Samaan v. General Dynamics Land Systems, Inc.

Filing 20

ORDER denying Plaintiff's 15 Motion to Remove Matter from Arbitration. Signed by District Judge Denise Page Hood. (JOwe)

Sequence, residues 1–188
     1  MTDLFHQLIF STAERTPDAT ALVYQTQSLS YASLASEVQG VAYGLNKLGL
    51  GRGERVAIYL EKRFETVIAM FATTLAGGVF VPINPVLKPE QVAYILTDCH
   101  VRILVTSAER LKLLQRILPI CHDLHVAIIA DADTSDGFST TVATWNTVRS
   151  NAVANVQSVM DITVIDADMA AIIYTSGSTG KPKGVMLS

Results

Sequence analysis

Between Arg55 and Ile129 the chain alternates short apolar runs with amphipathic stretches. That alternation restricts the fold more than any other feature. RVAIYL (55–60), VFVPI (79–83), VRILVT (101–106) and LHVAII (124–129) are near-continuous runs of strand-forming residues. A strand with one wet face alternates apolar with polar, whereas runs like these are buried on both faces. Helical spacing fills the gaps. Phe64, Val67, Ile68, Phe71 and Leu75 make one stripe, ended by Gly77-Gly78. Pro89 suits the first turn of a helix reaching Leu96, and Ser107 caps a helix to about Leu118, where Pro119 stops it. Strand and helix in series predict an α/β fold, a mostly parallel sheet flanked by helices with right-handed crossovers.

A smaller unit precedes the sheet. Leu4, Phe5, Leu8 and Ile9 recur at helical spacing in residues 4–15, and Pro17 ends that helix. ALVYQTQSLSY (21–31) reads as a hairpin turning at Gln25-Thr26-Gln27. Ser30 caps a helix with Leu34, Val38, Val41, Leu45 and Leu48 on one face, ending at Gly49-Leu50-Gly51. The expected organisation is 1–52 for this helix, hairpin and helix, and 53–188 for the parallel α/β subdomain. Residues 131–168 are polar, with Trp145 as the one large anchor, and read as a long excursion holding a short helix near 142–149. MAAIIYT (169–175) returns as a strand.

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UNITED STATES DISTRICT COURT EASTERN DISTRICT OF MICHIGAN SOUTHERN DIVISION SAID SAMAAN, Plaintiff, Case No. 11-13869 v. HONORABLE DENISE PAGE HOOD GENERAL DYNAMICS LAND SYSTEMS, INC., Defendant. ________________________________/ ORDER DENYING PLAINTIFF’S MOTION TO REMOVE MATTER FROM ARBITRATION I. BACKGROUND/FACTS On May 31, 2012, an Order was entered granting Defendant’s Motion to Dismiss the matter to proceed with arbitration, in light of the parties’ agreement to arbitrate the matter. (Doc. No. 14) The action before the Court was dismissed and closed, but the Court retained jurisdiction to confirm, vacate or correct any arbitration award issued. The matter thereafter proceeded to arbitration, but no arbitration award has been issued. Plaintiff, proceeding pro se1, filed the instant motion asserting that the arbitration cannot resolve all the issues he wants to raise. This matter is before the Court on Plaintiff Said Samaan’s Motion to Remove Matter from Arbitration. Defendant General Dynamics Land Systems, Inc. opposes the motion. II. ANALYSIS The original Qui Tam Complaint was filed under seal on September 26, 2011 by Plaintiff Said Samaan under the False Claims Act, 31 U.S.C. §§ 3729-3733 and the Michigan Whistleblowers’ Act, M.C.L. § 15.361 et seq. An Amended Complaint was filed on January 4, 2012, deleting the False Claims Act claim and the matter was unsealed on February 6, 2012. The Amended Complaint alleges the following counts: Retaliatory Discharge of Plaintiff in Violation of 31 U.S.C. § 3730(h) (Count I); Michigan Whistleblowers’ Protection Act, M.C.L. §§ 15 and 15.362 (Count II); Retaliation in Violation of Michigan Public Policy (Count III); Violation of Employment Age Discrimination Laws, 29 U.S.C. § 621 et seq. and Elliot-Larsen Act, M.C.L. § 37.2102 et seq. (Count IV). Samaan was employed by General Dynamics from February 22, 1977 until June 2011 as a Senior Engineering Specialist. (Am. Comp., ¶¶ 4, 6) Samaan asserts 1 Plaintiff’s counsel of record is James C. Klemanski. He may have withdrawn from representing Plaintiff during arbitration, but no order has been entered withdrawing Mr. Klemanski as counsel for Plaintiff on the Court’s docket. 2 that General Dynamics had filed false claims against the U.S. Army, making misrepresentations regarding results from shock and vibration testing. (Am. Comp., ¶ 7) Samaan made repeated objections to General Dynamics and demanded that General Dynamics provide refunds to the U.S. Army for the fraudulent testing and misrepresentations. (Am. Comp., ¶ 7) Samaan claims General Dynamics retaliated against him for his efforts to correct the false claims by suspending and subsequently terminating Samaan with a younger, less experienced person. (Am. Comp., ¶ 8) After objecting to the use of improper tests which failed to comply with the U.S. Army’s standards, Samaan filed a formal claim of data misrepresentation, fraud and retaliation to General Dynamic’s Human Resources Department in the fall of 2010. (Am. Comp., ¶ 40) Samaan’s objections continued to be ignored. (Am. Comp., ¶ 41) In early 2011, Samaan asserts he began experiencing severe retaliation for his complaints. (Am. Comp., ¶ 43) Samaan received poor performance evaluations in January 2011, including only “satisfactory” in certain areas and “failure” in other areas, the lowest evaluation he had received in thirty-four years of employment. (Am. Comp., ¶ 44) Samaan asserts he was told that his job performance reviews would improve if he would “forget” about the testing misrepresentation and fraud claims he has raised. (Am. Comp., ¶ 45) Samaan continued to raise the fraud issues, which was referred to by the 3 President of General Dynamics to the General Counsel in March 2011, who found no issues with General Dynamic’s actions. (Am. Comp., ¶¶ 48-50) In May and June 2011, Samaan contacted the U.S. Army’s Aberdeen Test Center (“ATC”) and reported his concerns. (Am. Comp., ¶ 51) The liaison for the contract confirmed to Samaan that the testing methods and standards were invalid and not according to the contractual military standard. (Am. Comp., ¶ 53) Samaan immediately contacted various General Dynamics personnel, including a manager, a director and the General Counsel, informing them that the liaison concurred with Samaan’s claims. (Am. Comp., ¶ 54) The U.S. Army’s Tank Automotive Command (“TACOM”) launched an investigation based on Samaan’s complaints in June 2011. (Am. Comp., ¶ 55) General Dynamics increased the harassment and retaliation against Samaan. (Am. Comp., ¶ 56) Human Resources contacted Samaan on June 9, 2011 demanding to know why Samaan had contacted the ATC and was placed on indefinite suspension without pay pending further investigation. (Am. Comp., ¶ 57) Samaan was notified on June 20, 2011 that Human Resources would be recommending termination. (Am. Comp., ¶ 59) Samaan felt compelled to resign on July 1, 2011 because of Samaan’s fear of serious financial harm that would result from termination. (Am. Comp., ¶ 60) As noted above, the parties agreed to arbitrate the matter, but now Samaan seeks to remove the matter from arbitration. General Dynamics opposes the motion. 4 II. ANALYSIS The Federal Arbitration Act (“FAA”), 9 U.S.C. § 2 states: A written provision in . . . a contract evidencing a transaction involving commerce to settle by arbitration a controversy thereafter arising out of such contract . . ., or the refusal to perform the whole or any part thereof, or an agreement in writing to submit to arbitration an existing controversy arising out of such a contract, transaction, or refusal, shall be valid, irrevocable, and enforceable, save upon such grounds as exist at law or in equity for the revocation of any contract. 9 U.S.C. § 2. Section 1 of the FAA provides the sole exception to the enforceability of arbitration agreements–that Section 2 “shall [not] apply to contracts of employment of seamen, railroad employees, or any other class of workers engaged in foreign or interstate commerce.” 9 U.S.C. § 1; See, Circuit City Stores, Inc. v. Adams, 532 U.S. 105 (2001); Gilmer v. Interstate/Johnson Lane Corp., 500 U.S. 20 (1991). The Sixth Circuit has reiterated the strong presumption in favor of arbitration on more than one occasion. See, e.g., Stout v. J.D. Byrider, 228 F.3d 709, 714 (6th Cir. 2001) (stating that the FAA promotes a “strong federal policy in favor of arbitration” and “was designed to override judicial reluctance to enforce arbitration agreements, to relieve court congestion, and to provide parties with speedier and less costly alternative litigation”); Haskins, 230 F.3d at 235 (“[T]here is ‘a liberal federal policy favoring arbitration agreements, notwithstanding any state substantive or procedural policies to the contrary.’”); Willis v. Dean Witter Reynolds Inc., 948 F.2d 5 305, 311 (6th Cir. 1991) (“Congress passed the FAA to ensure that courts honor the contractual agreement of parties who choose to resolve their disputes by arbitration.”). The Sixth Circuit stated that “[c]ourts are to examine the language of the [Arbitration Agreement] in light of the strong federal policy in favor of arbitration.” Stout, 228 F.3d at 714. Further, “any ambiguities in the [Arbitration Agreement] or doubts as to the parties’ intentions should be resolved in favor of arbitration.” Id. Courts have repeatedly applied the same principles governing arbitrability of agreements between an employer and employee to arbitrate employment-related disputes, finding such agreements are enforceable. Gilmer, 500 U.S. at 20, 26, 31 (an employment discrimination claim under the ADEA); Mazera v. Varsity Ford Management Services, LLC, 565 F.3d 997 (6th Cir. 2009). In deciding whether to compel arbitration of a federal statutory claim, a court initially considers whether the statutory claim is generally subject to compulsory arbitration. Floss v. Ryan Family Steak House, 211 F.3d 306, 311 (6th Cir. 2000). If the statutory claim is not exempt from mandatory arbitration, the court next considers whether the parties have executed a valid arbitration agreement and, if so, whether the statutory claim falls within the scope of that agreement. See Mitsubishi Motors Corp. v. Soler Chrysler Plymouth, Inc., 473 U.S. 614, 628 (1985) (stating that 6 courts should consider whether the parties have agreed to arbitrate a federal statutory claim and whether that claim is generally subject to compulsory arbitration). Once it has been determined that a statutory claim falls within the scope of the arbitration agreement, it is be enforced absent a showing of fraud, duress, mistake, or some other ground upon which a contract may be voided. See Haskins v. Prudential Ins. Co. of Am., 230 F.3d 231, 239 (6th Cir. 2000); Beauchamp v. Great West Life Assur. Co., 918 F. Supp. 1091, 1098 (E.D. Mich. 1996). In this case, the parties agreed to arbitrate the matter and have proceeded to such. The Court’s order indicates it will retain jurisdiction for the purpose of confirming, vacating or correcting any Arbitration award or to enforce the parties’ arbitration agreement under 9 U.S.C. §§ 1-16. Since there is no award yet, the Court does not have jurisdiction to review Plaintiff’s request, as stated in the Order. Plaintiff has not submitted any support for his request to remove the matter from an agreed-to arbitration. The FAA only provides that the Court has jurisdiction to review an award or enforce the agreement to arbitrate, not to remove the matter from Arbitration once the parties proceed to such. The Court has no authority to review the merits of the issues before the arbitrator. III. CONCLUSION For the reasons set forth above, 7 IT IS ORDERED that Plaintiff’s Motion to Remove Matter from Arbitration (Doc. No. 15) is DENIED. S/Denise Page Hood Denise Page Hood United States District Judge Dated: September 29, 2014 I hereby certify that a copy of the foregoing document was served upon counsel of record on September 29, 2014, by electronic and/or ordinary mail. S/LaShawn R. Saulsberry Case Manager 8